What a change one week made. The new 3-year wait for fresh permanent residents (PRs) before they can buy resale flats turned out to be the one cooling measure that had real bite. Sellers are now panicking, according to property agents, "Some sellers are so desperate for "whatever they can get" that they are even agreeing to sell their flats at zero COV." According to the Singapore Estate Exchange (SRX), the had trend started earlier: The number of zero COVs was 14 in January, and tripled to 49 in July.
National Development Minister Khaw Boon Wan once said that the cash over valuation (COV) - cash premiums - for Housing Development (HDB) flats cannot be scrapped as such payments are set by buyers and sellers themselves. Khaw explained it thus:
"COV is the difference between (a) price of flat as agreed between buyer and seller and (b) the valuation of the flat given by a professional valuer. (b) is done by an objective professional. (a) is between buyer and seller. Abolishing COV means removing (a)? Then who sets the price? The professional valuer? Years ago, it was tried. COV then went underground as 'under counter cash payment'."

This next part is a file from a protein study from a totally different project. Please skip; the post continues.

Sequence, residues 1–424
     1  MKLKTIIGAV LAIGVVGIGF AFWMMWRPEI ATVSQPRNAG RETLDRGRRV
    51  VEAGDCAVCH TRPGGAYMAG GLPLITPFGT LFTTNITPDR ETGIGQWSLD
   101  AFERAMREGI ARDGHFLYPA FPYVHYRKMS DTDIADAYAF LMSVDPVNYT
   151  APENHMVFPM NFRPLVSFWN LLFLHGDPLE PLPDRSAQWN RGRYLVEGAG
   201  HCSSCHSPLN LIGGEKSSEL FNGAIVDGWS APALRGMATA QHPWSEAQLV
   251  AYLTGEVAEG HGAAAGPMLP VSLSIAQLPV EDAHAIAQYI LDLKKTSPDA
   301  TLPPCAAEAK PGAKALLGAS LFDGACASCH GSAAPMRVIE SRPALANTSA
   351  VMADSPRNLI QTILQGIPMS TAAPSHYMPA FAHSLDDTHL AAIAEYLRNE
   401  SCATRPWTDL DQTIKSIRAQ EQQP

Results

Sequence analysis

The "under counter cash payment" scam is traceable all the way back to "cash-back" schemes in 2001, wherein buyers and sellers over-declared the agreed selling price in order for the buyer to get a higher loan either from a bank or the HDB - also referred to in the trade as "over invoicing". The cash surplus would then be illegally divided among the parties involved. Such offences are punishable by a jail term and/or a fine.
What the minister refused to address about the legality of COV, the free market has managed to tame. Khaw's last words on the subject were: "Clearer rules and regulations with penalties and strong enforcement will be enough to check any under counter cash payment." Khaw may have the luxury of time to come out with the penalties and strong enforcement, but ordinary folk can only hold out for so long.